Critics will always exist, that is a hard truth that most people don’t like accepting but when does criticism cross the line from being constructive to rudeness and how should you handle it? You cannot be in this industry and have a thin skin because everyone will critique you. Don’t believe me? Just wait until you shoot a model with body dysmorphia. I caught you smiling because you know I’m right. I had an amazing mentor, Jim Johnson. We came together 8 years ago and I was insanely green with an ego the size of my 700-400 lens that I didn’t know how to use. Over those early years, Jim was consistently kind and offered suggestions for improvement. It was never harsh, it never made me feel bad, I always felt encouraged to try different things and to improve my knowledge. Eight years later and I am gratefully still a student of my craft and will continue to be. I was involved in a shoot in August of 2018 in Phoenix Arizona. I hired the model and designer, I went over the theme, I approved everything and I supervised an amateur on his first big shoot. I encouraged him, I applauded him, I offered tiny suggestions for framing then I stepped back and let him learn and grow from that experience. Since it was a Kate Doster Media sanctioned shoot, the original photographer released the photos back to us and they have belonged to me since. Jim and I worked on the edit together because it was pretty complicated. It was one model playing two different characters, multiple empty chairs and several looks that had to be digitally combined to create one photo. That’s right, one photo, only one and in my eyes, it is perfect. It absolutely encompasses what I set forth in the theme, the lighting was perfect, the facial expressions were perfect and the stars aligned the night that it was officially completed. I don’t title all my work but I did on this one, The Oppression of Woman. I know what it means to me, I know what it meant the weeks I themed it out and I know how I feel when I look at it, but that doesn’t mean that everyone shares my vision AND THAT’S OKAY. I got my first harsh criticism on The Oppression of Woman the other day. Someone called it junk, they laughed at it and left a vomit emoji. I responded politely, looking for some depth and asked if he could share why he felt that way about it. It went from there to ultimately calling me a no talent hack or wannabe photographer or something like that and then told me to “hop along pudgy”. I think that is where I had to tell myself, “this has crossed the line from criticism to name calling and rude” and I had to really stop and check myself and see how much of this I was willing to carry. I can appreciate someone not liking a photo, I can appreciate that I may not be your particular vibe, but my body size has nothing to do with your critique of art. I’ve been reading a fascinating book by my friend JS Park called The Voices We Carry. It has a very poignant paragraph where he says “you have to know that self-awareness is only and fully found in the awareness of others. It can’t happen with only flattery and yes-men. You need brave people to step in and point out the things you’ve avoided. Without the people who are willing to confront you with the surgical truth, you will never be liberated from the lies you believe.” In that awkward silence where I felt personally called out, I realized that’s why I’m okay with a complete stranger criticizing work that I inflated in my mind. It wasn’t his cup of tea and that is absolutely fine. It does me absolutely no good to have anyone stroke my ego and tell me what I want to hear, I can look in the mirror for that. Kate Doster Media will never censor any critique on their work. We accept your truth, even if we struggle with hearing it. One thing I am seeing through my friends book is challenging whose voice is playing in my head. That guy calling me pudgy, am I upset about that or is it some deeply wounded part of me that is taking that comment and spinning it into how worthless I felt growing up? Be grateful for those that love you enough to surgically extrapolate your ego from yourself but be discerning about criticisms that don’t really offer anything constructive.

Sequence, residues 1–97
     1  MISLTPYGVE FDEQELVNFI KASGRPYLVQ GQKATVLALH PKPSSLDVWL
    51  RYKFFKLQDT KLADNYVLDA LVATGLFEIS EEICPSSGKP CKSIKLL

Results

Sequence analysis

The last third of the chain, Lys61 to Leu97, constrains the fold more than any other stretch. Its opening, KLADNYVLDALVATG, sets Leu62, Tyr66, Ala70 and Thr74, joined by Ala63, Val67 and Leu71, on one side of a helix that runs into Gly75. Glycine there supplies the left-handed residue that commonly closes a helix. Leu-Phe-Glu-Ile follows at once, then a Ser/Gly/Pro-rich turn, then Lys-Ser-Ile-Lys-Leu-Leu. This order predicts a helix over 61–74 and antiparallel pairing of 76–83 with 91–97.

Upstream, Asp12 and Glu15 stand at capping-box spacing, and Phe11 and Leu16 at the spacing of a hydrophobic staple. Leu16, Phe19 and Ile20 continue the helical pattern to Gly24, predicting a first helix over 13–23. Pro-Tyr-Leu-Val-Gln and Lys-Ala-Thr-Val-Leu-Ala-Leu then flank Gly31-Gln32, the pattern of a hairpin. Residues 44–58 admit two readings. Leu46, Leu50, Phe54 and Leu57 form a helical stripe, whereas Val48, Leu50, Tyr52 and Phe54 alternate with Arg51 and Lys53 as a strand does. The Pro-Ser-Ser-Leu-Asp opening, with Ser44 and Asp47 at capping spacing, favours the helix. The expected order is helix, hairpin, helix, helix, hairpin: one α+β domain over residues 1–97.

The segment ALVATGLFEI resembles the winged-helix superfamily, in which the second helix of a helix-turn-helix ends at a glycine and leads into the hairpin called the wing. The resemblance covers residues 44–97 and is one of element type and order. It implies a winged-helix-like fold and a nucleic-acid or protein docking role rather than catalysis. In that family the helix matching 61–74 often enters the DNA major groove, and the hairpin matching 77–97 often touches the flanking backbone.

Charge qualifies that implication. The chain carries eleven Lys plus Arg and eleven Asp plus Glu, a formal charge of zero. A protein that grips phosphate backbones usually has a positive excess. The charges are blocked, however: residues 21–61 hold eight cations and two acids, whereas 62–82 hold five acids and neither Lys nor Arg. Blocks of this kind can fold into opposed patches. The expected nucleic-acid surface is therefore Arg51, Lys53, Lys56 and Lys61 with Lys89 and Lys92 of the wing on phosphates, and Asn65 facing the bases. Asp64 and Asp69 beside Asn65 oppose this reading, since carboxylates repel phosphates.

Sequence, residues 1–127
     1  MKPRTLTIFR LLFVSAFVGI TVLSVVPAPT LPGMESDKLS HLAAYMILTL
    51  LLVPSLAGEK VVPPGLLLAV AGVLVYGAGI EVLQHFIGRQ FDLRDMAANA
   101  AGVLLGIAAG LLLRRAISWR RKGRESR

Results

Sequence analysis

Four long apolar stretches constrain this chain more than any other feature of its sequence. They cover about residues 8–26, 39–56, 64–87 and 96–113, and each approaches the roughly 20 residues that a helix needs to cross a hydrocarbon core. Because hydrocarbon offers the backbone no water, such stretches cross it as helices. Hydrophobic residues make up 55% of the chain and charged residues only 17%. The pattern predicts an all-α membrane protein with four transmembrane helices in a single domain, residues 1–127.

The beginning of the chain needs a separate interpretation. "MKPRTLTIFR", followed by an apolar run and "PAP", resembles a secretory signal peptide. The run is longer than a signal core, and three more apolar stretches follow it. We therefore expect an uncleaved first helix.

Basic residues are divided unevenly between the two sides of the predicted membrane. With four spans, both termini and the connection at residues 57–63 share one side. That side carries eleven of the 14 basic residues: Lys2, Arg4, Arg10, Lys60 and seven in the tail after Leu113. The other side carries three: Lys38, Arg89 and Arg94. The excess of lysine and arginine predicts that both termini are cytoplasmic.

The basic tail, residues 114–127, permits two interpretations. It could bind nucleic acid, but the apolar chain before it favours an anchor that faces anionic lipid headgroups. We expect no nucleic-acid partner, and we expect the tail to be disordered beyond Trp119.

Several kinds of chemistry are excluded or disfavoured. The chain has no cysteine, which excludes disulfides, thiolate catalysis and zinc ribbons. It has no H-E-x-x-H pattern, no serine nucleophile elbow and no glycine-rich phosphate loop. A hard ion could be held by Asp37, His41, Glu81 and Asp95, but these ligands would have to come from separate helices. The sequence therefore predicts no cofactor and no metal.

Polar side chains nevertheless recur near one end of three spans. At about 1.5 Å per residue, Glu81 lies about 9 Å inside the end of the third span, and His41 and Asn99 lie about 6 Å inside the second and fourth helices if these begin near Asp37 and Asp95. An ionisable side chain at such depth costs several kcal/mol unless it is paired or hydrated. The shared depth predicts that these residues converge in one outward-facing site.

These are uncertain times we are in folks, there is no denying it. With the onset of the Covid 19 virus becoming a global pandemic, it has left heartbreak and devastation in its wake. People have lost jobs, businesses have closed, entire cities have shut down and sadly, thousands of people have died due to this horrific disease. We have certainly seen the ugly side of people with the selfishness of hoarding cleaning supplies and people insisting on being in public places with no regard for others. However, one positive thing that has happened is that people are really in touch with their creativity. Whether it is a tik tok video, a neighborhood flash mob while respecting social distancing or an online karaoke community on social media, people are using their imaginations to help stave off the enemy of isolation, boredom.  Change to a routine can be stressful for a lot of people, this creative especially. I applaud anyone out there setting your imagination and your creativity free. Get your dance, your drawing, your photography, and your poetry, whatever it is, get your groove on. Take this opportunity to look around you and see how the earth is healing itself and recognize that we each have something to do with minimizing our carbon footprint. My grandmother lived through the Depression and carried those lessons that she learned from those difficult times throughout her entire life. May we not waste this chance we’ve been given to learn from what we have been doing. We can live with less, we can find other ways to entertain ourselves, we can look for the helpers as Mr. Rogers mother once told him or we can become the helpers. Carry on weary friend and know that we at Kate Doster Media see you; we hear you and we are praying for relief for all.